There was a statistically insignificant increase in the mean level of serum potassium (hyperkalemia) intraoperatively and postoperatively in both groups. Electrolyte changes were asymptomatic clinically.


  Discussion Top


On the basis of the results of our study, we suggest that a single dose of conivaptan can be considered for the prevention and even the initial correction of hyponatremia in TURP patients.

Identification of early symptoms of TURP syndrome and prevention are essential to retard the onset of severe and fatal manifestations in patients undergoing endoscopic surgeries [7]. TURP is considered by many as a simpler and safer procedure than open prostatectomy. However, TURP syndrome is one of the serious complications that may occur during this surgical procedure. Patients who have undergone TURP are often elderly and suffer from cardiac, pulmonary, renal, and endocrine disorders. Occasionally, these patients are dehydrated and depleted of essential electrolytes − for example, sodium and potassium − because of long-term diuretics along with restricted fluid intake. Endourological surgery is associated with intraoperative complications of bleeding and deleterious systemic effects because of intravesical absorption of irrigating fluid. Water intoxication with hyponatremia has been postulated by Hahn [3] as the primary cause for the genesis of TURP syndrome.

TURP syndrome is characterized by intravascular volume shifts and plasma–solute (osmolarity) effects. Sodium is essential for the proper functioning of excitatory cells, particularly those of heart and brain. Even with the absorption of small amounts of fluid, hyponatremia may occur in TURP patients because there are several mechanisms that may lead to hyponatremia in these patients:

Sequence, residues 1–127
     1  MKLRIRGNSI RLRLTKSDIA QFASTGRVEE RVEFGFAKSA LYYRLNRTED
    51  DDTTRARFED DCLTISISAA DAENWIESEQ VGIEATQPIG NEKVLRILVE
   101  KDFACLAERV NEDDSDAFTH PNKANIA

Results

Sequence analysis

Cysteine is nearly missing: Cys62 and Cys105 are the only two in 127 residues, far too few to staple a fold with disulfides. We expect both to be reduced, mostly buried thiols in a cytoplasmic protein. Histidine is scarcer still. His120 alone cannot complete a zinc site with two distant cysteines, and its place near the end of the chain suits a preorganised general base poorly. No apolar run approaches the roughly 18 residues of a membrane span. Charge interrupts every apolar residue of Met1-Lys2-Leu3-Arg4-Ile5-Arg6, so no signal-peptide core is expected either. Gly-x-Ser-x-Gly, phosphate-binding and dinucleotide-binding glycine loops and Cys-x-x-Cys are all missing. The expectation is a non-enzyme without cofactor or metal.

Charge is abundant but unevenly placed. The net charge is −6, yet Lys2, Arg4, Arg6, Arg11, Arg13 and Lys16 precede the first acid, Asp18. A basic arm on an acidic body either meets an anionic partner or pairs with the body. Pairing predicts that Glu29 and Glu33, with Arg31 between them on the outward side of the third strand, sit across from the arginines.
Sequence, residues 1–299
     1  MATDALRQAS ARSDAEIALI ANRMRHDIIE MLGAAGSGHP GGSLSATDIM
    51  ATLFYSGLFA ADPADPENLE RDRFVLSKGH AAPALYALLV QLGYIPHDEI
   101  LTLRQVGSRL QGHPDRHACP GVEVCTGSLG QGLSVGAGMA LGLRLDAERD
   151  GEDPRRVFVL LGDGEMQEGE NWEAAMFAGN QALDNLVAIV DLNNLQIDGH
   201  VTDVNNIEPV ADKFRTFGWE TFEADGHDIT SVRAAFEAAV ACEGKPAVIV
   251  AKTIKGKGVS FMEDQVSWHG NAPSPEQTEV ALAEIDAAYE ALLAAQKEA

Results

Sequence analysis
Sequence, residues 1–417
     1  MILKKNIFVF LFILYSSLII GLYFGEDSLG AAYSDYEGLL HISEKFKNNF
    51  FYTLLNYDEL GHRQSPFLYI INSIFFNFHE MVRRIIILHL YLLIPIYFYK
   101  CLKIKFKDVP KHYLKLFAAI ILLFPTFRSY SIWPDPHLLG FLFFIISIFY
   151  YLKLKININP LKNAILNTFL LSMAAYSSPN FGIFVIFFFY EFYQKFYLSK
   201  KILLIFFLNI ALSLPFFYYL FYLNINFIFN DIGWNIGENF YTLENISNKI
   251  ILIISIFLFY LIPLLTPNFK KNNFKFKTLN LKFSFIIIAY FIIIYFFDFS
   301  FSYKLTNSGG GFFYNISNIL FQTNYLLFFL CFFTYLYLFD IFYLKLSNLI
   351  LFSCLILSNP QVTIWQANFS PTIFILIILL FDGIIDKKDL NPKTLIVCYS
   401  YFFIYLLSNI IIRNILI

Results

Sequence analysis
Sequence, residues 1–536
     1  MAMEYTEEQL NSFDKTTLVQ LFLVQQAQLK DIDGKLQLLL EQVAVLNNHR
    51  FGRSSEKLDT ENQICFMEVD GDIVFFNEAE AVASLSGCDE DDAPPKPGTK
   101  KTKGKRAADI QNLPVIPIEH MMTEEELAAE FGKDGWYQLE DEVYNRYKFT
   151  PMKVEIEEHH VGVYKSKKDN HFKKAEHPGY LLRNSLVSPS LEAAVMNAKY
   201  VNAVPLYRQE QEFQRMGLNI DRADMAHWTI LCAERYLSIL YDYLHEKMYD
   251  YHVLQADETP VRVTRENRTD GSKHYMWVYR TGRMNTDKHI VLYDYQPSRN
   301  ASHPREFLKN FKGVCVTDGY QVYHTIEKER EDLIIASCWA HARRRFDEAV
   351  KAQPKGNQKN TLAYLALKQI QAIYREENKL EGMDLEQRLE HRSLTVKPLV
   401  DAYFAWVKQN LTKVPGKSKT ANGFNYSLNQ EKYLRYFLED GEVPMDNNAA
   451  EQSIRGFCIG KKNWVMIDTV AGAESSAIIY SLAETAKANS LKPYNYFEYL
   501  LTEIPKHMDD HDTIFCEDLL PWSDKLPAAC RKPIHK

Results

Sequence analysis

1. Dilution of serum sodium through excessive absorption of irrigation solution.
  2. Loss of sodium into the stream of the irrigation fluid from the prostatic resection site.
  3. Loss of sodium into pockets of irrigation solution accumulated in the periprostatic and retroperitoneal spaces.
  4. Larger amounts of glycine stimulate the release of atrial natriuretic peptide in excess of that expected by the volume load, which further promote natriuresis [8],[9],[10],[11].


Symptoms of hyponatremia usually do not develop until the serum sodium concentration decreases below 120 mEq/l. When serum sodium falls below 120 mEq/l, hypotension and reduced myocardial contractility occur. Below 115 mEq/l, bradycardia and widening of QRS complexes, ventricular ectopics, and T wave inversion occur. Below 100 mEq/l, generalized seizures, coma, respiratory arrest, ventricular tachycardia, ventricular fibrillation, and cardiac arrest occur [12].

Madsen and Naber [13] demonstrated another important factor that would also determine the rate of fluid absorption, which will be the hydrostatic pressure at the prostatic bed, depending on the height of the irrigating fluid column and the pressure inside the bladder during surgery. The ideal height of irrigating fluid is 60 cm, so that ∼300 ml of fluid is obtained per minute during resection for good vision. Increase in the prostate size more than 45 g is another factor in developing TURP syndrome [9].

Conivaptan is a nonselective vasopressin receptor antagonist available in an intravenous form and is approved by the Food and Drug Administration to treat euvolemic, hypervolemic hyponatremia [14].

It acts by inhibiting anti- diuretic hormone (ADH) also know as arginine vasopressin (AVP). It competitively and reversibly binds to selected AVP receptors and inhibits actions of ADH. Although conivaptan has high affinity for both V1A (vascular) and V2 (renal) receptors, affinity for V2 is 10-fold higher and the aquaretic effect is predominantly V2-associated [14],[15].